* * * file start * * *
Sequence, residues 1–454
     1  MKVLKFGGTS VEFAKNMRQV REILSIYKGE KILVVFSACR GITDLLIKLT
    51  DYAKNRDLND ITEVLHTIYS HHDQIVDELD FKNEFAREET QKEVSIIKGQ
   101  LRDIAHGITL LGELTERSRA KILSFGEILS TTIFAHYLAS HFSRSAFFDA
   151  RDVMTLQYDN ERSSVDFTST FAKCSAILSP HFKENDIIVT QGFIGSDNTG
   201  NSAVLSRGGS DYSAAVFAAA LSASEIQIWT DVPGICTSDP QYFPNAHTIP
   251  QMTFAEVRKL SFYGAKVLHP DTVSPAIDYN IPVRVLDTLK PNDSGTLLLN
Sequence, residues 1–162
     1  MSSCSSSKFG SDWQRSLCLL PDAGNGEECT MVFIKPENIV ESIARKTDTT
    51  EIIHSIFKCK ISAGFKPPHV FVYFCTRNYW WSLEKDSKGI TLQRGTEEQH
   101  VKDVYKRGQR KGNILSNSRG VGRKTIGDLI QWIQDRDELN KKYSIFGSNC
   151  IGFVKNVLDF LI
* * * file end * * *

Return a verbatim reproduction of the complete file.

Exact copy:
Sequence, residues 1–454
     1  MKVLKFGGTS VEFAKNMRQV REILSIYKGE KILVVFSACR GITDLLIKLT
    51  DYAKNRDLND ITEVLHTIYS HHDQIVDELD FKNEFAREET QKEVSIIKGQ
   101  LRDIAHGITL LGELTERSRA KILSFGEILS TTIFAHYLAS HFSRSAFFDA
   151  RDVMTLQYDN ERSSVDFTST FAKCSAILSP HFKENDIIVT QGFIGSDNTG
   201  NSAVLSRGGS DYSAAVFAAA LSASEIQIWT DVPGICTSDP QYFPNAHTIP
   251  QMTFAEVRKL SFYGAKVLHP DTVSPAIDYN IPVRVLDTLK PNDSGTLLLN
Sequence, residues 1–162
     1  MSSCSSSKFG SDWQRSLCLL PDAGNGEECT MVFIKPENIV ESIARKTDTT
    51  EIIHSIFKCK ISAGFKPPHV FVYFCTRNYW WSLEKDSKGI TLQRGTEEQH
   101  VKDVYKRGQR KGNILSNSRG VGRKTIGDLI QWIQDRDELN KKYSIFGSNC
   151  IGFVKNVLDF LI